Theoretical understanding of efficient solving. In 2014, Moshe Vardi pointed out the lack of theoretical understanding of the success in practical SAT solving.40 Meanwhile, the understanding improved from various viewpoints.18 Solvers are well-engineered, constantly improved, and efficiently solve many classes of real-world instances. Still, they perform poorly on certain random and cryptographic instances. A standard view is that industrial instances contain a “hidden structure” that the SAT solver manages to use implicitly. Any theoretical analysis that ignores structural properties of the SAT instance hence cannot match up with the empirically observed solver performance. This shortcoming led to several research lines aiming to capture the hidden structure in a SAT instance mathematically. One line focuses on capturing structure that correlates well with empirically observed solver performance.2 This provides a statistical correlation but no guarantee that every SAT instance that exhibits this structure is solved quickly. Another line of research takes a causal approach; it uses the theoretical framework of parameterized complexity to obtain asymptotic performance guarantees for algorithms that explicitly detect and exploit the hidden structure.4 The underlying fixed-parameter algorithms are specific to the parameter under consideration and generally do not aim at providing a theoretical explanation of CDCL-solver performance.
The Art of Using SAT Solvers
A SAT solver can be seen as a powerful engine; however, reaching a solution or guaranteeing that there is none requires more than an engine alone. Therefore, the SAT community developed innovative and powerful methods for using and adapting SAT engines.
Single-call solving. Static encodings transform an input instance of the problem of interest into a CNF formula. Encoding can be accomplished in a high-level programming language such as Python, which produces a DIMACS CNF file. Slightly higher-level access can be obtained by PySAT,25 a popular Python library for encoding problems and using state-of-the-art SAT solvers. SAT engines are highly optimized on the low-level DIMACS CNF format for squeezing out every ounce of performance. Over time, engineers have shifted to more human-readable and reusable languages; some go beyond the propositional case. Examples include the ASP input language19 or the MiniZinc constraint modeling language.38 The “Selected Formalisms…” sidebar on the previous page lists other formalisms that focus on modeling and problem solving with more expressive languages. Still, detailed domain knowledge and the skill of efficiently driving the engine are often helpful.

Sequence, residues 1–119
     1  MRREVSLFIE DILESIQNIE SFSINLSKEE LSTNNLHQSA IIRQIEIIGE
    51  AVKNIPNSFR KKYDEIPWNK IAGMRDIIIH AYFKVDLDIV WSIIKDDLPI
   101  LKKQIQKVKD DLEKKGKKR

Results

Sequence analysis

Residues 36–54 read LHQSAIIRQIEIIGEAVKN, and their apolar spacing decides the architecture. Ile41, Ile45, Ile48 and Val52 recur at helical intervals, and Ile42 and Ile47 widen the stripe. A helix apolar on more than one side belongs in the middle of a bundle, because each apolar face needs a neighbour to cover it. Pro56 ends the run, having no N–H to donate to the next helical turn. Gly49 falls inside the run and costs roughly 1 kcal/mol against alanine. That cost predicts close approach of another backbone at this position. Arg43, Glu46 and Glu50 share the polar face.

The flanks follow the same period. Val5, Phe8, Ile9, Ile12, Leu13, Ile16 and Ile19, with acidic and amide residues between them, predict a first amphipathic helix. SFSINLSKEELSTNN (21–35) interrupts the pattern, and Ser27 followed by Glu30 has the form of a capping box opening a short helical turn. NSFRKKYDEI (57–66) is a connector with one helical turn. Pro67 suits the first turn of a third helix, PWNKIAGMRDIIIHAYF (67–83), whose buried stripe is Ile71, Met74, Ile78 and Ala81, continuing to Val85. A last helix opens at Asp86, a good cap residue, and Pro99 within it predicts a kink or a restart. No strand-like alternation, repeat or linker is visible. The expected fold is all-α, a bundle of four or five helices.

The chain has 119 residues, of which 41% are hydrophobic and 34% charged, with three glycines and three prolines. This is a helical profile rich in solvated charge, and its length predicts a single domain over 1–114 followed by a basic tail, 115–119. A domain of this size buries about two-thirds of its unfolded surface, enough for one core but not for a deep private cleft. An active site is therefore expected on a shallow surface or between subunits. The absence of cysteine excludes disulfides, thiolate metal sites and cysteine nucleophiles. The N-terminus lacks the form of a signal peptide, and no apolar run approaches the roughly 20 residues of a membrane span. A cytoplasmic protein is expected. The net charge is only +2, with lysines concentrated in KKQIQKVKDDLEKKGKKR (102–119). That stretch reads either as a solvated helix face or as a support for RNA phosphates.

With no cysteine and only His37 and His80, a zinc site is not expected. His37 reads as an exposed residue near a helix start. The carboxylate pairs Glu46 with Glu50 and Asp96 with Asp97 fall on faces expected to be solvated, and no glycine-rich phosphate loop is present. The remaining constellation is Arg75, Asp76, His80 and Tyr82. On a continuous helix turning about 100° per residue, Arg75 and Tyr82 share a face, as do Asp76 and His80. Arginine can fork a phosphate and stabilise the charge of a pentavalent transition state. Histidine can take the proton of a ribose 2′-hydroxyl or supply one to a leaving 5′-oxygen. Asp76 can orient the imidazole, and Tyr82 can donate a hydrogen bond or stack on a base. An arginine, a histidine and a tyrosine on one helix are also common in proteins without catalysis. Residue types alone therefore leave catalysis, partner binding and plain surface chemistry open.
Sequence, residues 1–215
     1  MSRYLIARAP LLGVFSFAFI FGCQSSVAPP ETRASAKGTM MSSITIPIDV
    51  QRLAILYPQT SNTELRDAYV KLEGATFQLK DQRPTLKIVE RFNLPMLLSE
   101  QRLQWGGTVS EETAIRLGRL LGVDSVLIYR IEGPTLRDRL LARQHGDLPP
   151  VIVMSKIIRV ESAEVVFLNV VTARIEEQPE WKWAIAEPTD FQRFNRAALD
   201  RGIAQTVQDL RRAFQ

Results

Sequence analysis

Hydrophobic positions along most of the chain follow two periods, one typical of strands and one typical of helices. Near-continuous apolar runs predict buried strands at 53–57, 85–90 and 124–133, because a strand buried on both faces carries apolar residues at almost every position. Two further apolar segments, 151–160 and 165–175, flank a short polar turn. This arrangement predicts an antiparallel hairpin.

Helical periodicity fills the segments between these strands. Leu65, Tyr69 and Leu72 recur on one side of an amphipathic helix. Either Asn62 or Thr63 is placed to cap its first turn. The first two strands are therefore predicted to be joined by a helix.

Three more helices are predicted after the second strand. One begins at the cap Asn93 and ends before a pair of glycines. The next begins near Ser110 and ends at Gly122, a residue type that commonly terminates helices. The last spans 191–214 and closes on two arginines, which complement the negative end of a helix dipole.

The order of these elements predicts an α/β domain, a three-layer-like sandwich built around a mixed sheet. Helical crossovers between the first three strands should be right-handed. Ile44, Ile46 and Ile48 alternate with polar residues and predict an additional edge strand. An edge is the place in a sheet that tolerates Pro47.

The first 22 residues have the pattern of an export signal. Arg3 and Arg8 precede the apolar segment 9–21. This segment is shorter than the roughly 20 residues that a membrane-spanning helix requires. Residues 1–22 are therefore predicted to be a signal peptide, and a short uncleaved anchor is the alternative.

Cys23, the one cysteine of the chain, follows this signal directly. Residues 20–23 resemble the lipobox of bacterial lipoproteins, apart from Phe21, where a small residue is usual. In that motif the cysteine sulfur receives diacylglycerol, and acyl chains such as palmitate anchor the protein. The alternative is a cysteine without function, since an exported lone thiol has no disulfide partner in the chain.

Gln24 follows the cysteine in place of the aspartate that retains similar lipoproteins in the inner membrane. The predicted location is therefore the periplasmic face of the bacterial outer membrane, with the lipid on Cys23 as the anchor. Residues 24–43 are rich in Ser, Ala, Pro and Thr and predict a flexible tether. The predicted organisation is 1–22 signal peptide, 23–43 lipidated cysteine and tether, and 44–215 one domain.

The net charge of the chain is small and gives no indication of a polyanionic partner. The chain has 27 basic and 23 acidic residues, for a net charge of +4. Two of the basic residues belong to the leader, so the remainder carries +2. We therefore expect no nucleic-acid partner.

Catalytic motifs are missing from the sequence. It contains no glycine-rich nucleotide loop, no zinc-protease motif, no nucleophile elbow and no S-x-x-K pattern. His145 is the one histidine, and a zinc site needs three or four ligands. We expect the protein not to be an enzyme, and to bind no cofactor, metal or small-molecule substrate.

Multi-call solving. Modern SAT solvers can go beyond single-call solving. Many such solvers can modify an already-solved formula, reusing information from a previous solving process (incremental solving) and outputting a subset of the input clauses that remain unsatisfiable (unsatisfiable core). Some of these techniques resulted in efficient solving methods for problem formalisms beyond SAT, where the SAT engine drives the solving process. The “Propositional Problems” sidebar on this page lists such selected formalisms at the propositional level.
SAT solvers as subroutines. Many hard computational problems of practical significance, particularly in AI, are beyond NP. An unexpectedly successful application of SAT solvers comes in terms of QBF solvers for the QSAT problem (“Propositional Problems” sidebar). Several successful QBF solvers, such as CAQE and RAReQS,4 employ SAT solvers. RAReQS uses two interacting SAT solvers internally to determine the validity of the QSAT instance. Each solver acts as the existential or the universal player in a two-player game. The SAT solvers drive the procedure: The models found refine the abstraction of the players. This generic approach is called Counter Example Guided Abstraction Refinement (CEGAR). Other successful QBF solvers, such as DepQBF4 and Qute,33 extend the CDCL procedure to the quantified case, with special methods for identifying and dealing with the dependencies between variables imposed by the quantifiers. In hardware or software verification, the model-checking tool IC35 goes further than finding bugs by proving safety properties. IC3 uses incremental SAT to check the reachability of states from both the initial states and the states of interest. A different flavor of multi-call solving can be used for optimization problems, which are too large to be encoded into a single SAT or MaxSAT instance and where optimal solutions are out of reach. The SAT-based Local Improvement Method (SLIM) starts with an initial solution provided with some standard heuristics. Then, SLIM repeatedly replaces local parts with improved solutions obtained by a SAT or MaxSAT solver. The method has been successfully applied for graph decomposition, decision-tree induction, and Bayesian Network structure learning.35